The DOD and USNORTHCOM must be nested with the Department of Homeland Security and state and local law enforcement agencies and Federal Law enforcement. The sharing of intelligence is critical across the spectrum to enable timely response to a transnational terrorist threat. Liaisons from the DOD and USNORTHCOM across interagency efforts will enable faster information sharing and effective planning efforts to enable DSCA or international partners’ assistance. The critical function will be to enable intelligence sharing and clearing classification requirements to ensure intelligence is passed to state and local law enforcement agencies through coordination with appropriate interagency partners within DHS or the FBI.

The DHS Fusion Centers and Emergency Operations Centers (EOCs) are a critical component for both collaboration and conducting operations. They function similar to an Army staff and operations center and facilitate intelligence sharing, maintain a common operating picture, and emergency response and management.[8]  The DOD and USNORTHCOM should have the ability to tie into the systems of the DHS and facilitate information sharing and transition intelligence from international partners’ liaisons into the DHS, FBI and DOJ representatives in the fusion centers. These relationships also facilitate DOD and USNORTHCOM execution of Defense Support to Civil Authorities (DSCA) in the event of disaster support following an environmental event or transnational terrorist attacks.

The middle fight along the border is a critical area not only for terrorist infiltration across the border, but all operations must remain in the bounds of the Posse Comitatus Act.[9] Information and intelligence sharing needs to pass from USNORTHCOM liaisons and be shared through the DHS fusion cells and EOCs. The proper flow of information through these established systems will prevent any violations of Posse Comitatus, especially direct Service member involvement surveillance, searches and seizures. Additionally, it will allow for legal oversight at the command level through the DHS fusion centers and EOCs with a DOJ representative present. All actions taken against transnational terrorist group within the U.S. will be by a combined effort of local and state law enforcement partnered with the border patrol. USNORTHCOM can play a major role with international partners and ensuring collaboration happens across the border and intelligence is passed through to the DHS and law enforcement entities.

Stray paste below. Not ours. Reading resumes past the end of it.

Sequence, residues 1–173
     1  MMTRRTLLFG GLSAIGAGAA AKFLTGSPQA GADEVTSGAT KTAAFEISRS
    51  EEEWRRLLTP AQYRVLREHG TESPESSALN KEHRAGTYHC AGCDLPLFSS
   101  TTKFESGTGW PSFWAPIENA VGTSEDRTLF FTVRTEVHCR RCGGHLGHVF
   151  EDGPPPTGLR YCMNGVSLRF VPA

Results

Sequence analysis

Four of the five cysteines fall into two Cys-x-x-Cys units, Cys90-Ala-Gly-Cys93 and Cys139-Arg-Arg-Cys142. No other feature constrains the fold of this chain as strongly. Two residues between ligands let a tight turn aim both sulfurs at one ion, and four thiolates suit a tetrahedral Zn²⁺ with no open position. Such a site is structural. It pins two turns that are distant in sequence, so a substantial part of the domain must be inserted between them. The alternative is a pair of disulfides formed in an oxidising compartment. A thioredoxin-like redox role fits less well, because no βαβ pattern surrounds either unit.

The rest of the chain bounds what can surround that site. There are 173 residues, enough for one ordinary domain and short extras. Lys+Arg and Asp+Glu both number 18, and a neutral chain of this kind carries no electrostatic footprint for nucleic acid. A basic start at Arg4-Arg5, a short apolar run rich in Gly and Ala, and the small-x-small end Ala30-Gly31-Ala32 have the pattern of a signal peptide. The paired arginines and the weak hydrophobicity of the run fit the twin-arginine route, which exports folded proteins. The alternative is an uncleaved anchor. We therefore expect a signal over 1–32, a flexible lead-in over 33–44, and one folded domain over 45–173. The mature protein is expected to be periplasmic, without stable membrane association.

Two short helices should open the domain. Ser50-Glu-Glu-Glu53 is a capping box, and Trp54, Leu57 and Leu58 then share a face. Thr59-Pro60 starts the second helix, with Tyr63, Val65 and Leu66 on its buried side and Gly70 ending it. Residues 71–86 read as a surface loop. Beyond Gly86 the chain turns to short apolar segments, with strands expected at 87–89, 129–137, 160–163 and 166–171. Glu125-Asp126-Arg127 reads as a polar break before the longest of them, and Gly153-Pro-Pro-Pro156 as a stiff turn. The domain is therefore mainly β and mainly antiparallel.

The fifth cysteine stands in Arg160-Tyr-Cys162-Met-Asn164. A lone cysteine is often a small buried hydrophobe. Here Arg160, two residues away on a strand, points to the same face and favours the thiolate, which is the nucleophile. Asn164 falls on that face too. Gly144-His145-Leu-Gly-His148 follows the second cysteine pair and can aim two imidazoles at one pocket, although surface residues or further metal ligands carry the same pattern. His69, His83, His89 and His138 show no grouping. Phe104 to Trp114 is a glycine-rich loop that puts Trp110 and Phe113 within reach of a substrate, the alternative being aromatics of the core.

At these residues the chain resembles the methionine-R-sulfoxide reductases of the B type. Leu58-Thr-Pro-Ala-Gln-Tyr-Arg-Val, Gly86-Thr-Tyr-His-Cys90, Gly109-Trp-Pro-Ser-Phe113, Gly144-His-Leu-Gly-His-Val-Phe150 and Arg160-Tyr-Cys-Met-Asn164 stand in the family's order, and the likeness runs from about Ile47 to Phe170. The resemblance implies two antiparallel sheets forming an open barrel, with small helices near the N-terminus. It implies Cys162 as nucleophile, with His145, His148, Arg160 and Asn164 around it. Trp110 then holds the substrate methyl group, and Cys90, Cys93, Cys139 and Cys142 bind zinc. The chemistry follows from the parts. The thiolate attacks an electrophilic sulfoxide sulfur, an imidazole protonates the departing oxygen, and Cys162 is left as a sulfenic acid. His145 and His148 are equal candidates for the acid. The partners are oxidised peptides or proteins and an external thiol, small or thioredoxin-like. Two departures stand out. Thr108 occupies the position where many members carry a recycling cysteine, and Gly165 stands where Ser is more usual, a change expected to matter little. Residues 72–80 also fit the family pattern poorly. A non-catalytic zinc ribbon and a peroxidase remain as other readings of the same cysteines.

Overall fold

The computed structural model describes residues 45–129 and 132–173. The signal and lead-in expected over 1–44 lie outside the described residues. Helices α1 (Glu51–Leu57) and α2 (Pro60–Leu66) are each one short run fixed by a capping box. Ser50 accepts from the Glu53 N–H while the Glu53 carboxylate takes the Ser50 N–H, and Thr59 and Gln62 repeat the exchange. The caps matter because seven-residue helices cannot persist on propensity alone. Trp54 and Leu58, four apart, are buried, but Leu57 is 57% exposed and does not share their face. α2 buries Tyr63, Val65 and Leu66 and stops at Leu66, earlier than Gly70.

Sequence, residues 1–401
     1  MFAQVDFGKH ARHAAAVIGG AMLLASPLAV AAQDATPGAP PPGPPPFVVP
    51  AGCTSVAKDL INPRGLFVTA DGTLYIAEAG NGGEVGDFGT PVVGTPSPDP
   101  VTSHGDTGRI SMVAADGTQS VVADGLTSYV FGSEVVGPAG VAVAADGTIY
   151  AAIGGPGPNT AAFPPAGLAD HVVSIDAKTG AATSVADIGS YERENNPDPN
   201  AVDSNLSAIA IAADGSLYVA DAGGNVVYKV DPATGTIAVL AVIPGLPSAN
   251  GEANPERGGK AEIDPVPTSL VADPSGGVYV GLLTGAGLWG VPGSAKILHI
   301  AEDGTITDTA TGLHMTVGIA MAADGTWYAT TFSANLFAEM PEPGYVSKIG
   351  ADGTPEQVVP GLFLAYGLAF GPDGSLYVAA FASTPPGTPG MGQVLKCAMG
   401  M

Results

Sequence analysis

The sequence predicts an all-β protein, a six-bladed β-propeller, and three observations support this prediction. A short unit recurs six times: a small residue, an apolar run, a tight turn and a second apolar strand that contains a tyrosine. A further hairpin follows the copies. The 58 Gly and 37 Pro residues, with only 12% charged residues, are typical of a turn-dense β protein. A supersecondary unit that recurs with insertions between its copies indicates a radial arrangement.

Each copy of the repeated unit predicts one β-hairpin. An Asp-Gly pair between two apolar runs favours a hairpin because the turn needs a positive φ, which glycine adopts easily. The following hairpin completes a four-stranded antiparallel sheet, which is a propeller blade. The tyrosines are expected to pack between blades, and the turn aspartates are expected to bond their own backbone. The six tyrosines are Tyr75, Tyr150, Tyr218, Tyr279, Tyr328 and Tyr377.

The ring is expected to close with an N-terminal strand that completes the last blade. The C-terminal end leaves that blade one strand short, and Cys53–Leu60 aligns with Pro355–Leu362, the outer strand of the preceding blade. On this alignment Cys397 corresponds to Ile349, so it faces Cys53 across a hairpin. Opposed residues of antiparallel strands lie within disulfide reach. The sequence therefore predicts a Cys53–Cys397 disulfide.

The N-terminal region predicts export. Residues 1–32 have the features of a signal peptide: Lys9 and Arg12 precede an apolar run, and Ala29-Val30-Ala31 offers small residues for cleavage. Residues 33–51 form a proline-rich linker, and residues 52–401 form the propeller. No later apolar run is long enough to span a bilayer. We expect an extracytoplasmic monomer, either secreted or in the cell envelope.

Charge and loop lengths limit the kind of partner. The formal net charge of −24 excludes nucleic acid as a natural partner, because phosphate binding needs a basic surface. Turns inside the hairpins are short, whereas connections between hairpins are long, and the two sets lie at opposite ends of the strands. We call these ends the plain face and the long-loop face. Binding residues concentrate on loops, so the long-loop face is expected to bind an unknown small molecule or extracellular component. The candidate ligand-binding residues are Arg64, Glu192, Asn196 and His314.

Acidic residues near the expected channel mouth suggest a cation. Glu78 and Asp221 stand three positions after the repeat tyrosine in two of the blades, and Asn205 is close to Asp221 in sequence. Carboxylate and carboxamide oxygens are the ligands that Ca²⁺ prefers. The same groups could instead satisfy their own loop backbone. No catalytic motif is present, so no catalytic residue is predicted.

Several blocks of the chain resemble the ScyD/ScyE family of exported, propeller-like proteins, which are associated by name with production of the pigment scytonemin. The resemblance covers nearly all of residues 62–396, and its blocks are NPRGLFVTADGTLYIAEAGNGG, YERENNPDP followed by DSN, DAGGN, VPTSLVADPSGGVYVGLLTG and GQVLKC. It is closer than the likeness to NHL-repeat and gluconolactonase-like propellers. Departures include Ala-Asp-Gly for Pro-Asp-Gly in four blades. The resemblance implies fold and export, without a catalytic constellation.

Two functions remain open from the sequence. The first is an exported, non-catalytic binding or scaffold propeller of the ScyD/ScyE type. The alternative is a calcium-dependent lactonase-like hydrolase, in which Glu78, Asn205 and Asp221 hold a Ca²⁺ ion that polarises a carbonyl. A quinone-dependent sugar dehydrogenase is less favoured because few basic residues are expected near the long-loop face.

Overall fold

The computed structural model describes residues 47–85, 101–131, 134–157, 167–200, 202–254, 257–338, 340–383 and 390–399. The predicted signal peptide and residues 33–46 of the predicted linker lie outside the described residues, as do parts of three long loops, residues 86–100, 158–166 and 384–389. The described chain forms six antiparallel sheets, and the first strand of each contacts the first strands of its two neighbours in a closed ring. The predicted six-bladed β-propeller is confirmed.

The DOD can make a significant contribution in the deep fight through the major combatant commands TSC programs and joint operations to disrupt and destroy transnational terrorist groups where they live, train, recruit and finance in failed or failing states. USNORTHCOM can also contribute to the deep fight by establishing relationships with international partners across the critical warfighting functions previously stated. International partner involvement through the joint staff can be reciprocated to the partner nations to maintain a steady flow of intelligence and training to facilitate mission command and intelligence structure, interoperability and relationships with key counter terrorism leaders. Additionally, the expansion and inclusion of interagency partners in these planning cells allow for integration, intelligence sharing, and collaboration with reach back through the DHS Fusion Centers and EOCs. USNORTHCOM can further facilitate with a SOCOM partnered Theater Support Cooperation (TSC) programs with Mexico and Canada tied to countering narcotics, transnational crime, and transnational terrorist groups. Additionally, the National Guard has a State Partnership Program (SPP) which facilitates TSC and can be applied to the transnational terrorist problem set to gain efficiencies and capability. SPPs leverage the National Guard as partners as part of a “whole of society” approach.[10] The TSC program needs to be tied to developing the DOD and USNORTHCOM partnership for mission command structure and architecture, intelligence sharing through Fusion Centers and EOCs with international partners, and a liaison training program. The Liaison program must include a focus for protecting classification of law enforcement information and classified materials enabling critical information passing in a timely manner.